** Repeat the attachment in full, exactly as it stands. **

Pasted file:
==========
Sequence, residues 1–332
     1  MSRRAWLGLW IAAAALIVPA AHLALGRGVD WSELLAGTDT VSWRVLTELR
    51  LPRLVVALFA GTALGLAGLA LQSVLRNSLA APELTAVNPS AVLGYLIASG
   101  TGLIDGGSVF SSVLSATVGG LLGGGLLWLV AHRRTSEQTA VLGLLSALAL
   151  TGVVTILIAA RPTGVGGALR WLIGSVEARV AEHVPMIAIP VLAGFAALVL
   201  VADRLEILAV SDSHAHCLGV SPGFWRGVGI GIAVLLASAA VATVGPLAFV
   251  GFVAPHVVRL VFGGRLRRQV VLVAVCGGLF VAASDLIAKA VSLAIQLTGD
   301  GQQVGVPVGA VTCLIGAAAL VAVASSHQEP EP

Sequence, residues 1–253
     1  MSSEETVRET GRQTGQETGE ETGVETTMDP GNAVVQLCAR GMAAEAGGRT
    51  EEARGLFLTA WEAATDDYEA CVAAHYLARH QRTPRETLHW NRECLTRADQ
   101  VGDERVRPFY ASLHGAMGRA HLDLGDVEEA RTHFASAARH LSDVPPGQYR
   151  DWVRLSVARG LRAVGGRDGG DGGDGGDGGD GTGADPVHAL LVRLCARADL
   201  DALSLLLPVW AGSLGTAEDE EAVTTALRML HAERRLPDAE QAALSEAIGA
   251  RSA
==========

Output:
Sequence, residues 1–332
     1  MSRRAWLGLW IAAAALIVPA AHLALGRGVD WSELLAGTDT VSWRVLTELR
    51  LPRLVVALFA GTALGLAGLA LQSVLRNSLA APELTAVNPS AVLGYLIASG
   101  TGLIDGGSVF SSVLSATVGG LLGGGLLWLV AHRRTSEQTA VLGLLSALAL
   151  TGVVTILIAA RPTGVGGALR WLIGSVEARV AEHVPMIAIP VLAGFAALVL
   201  VADRLEILAV SDSHAHCLGV SPGFWRGVGI GIAVLLASAA VATVGPLAFV
   251  GFVAPHVVRL VFGGRLRRQV VLVAVCGGLF VAASDLIAKA VSLAIQLTGD
   301  GQQVGVPVGA VTCLIGAAAL VAVASSHQEP EP

Sequence, residues 1–253
     1  MSSEETVRET GRQTGQETGE ETGVETTMDP GNAVVQLCAR GMAAEAGGRT
    51  EEARGLFLTA WEAATDDYEA CVAAHYLARH QRTPRETLHW NRECLTRADQ
   101  VGDERVRPFY ASLHGAMGRA HLDLGDVEEA RTHFASAARH LSDVPPGQYR
   151  DWVRLSVARG LRAVGGRDGG DGGDGGDGGD GTGADPVHAL LVRLCARADL
   201  DALSLLLPVW AGSLGTAEDE EAVTTALRML HAERRLPDAE QAALSEAIGA
   251  RSA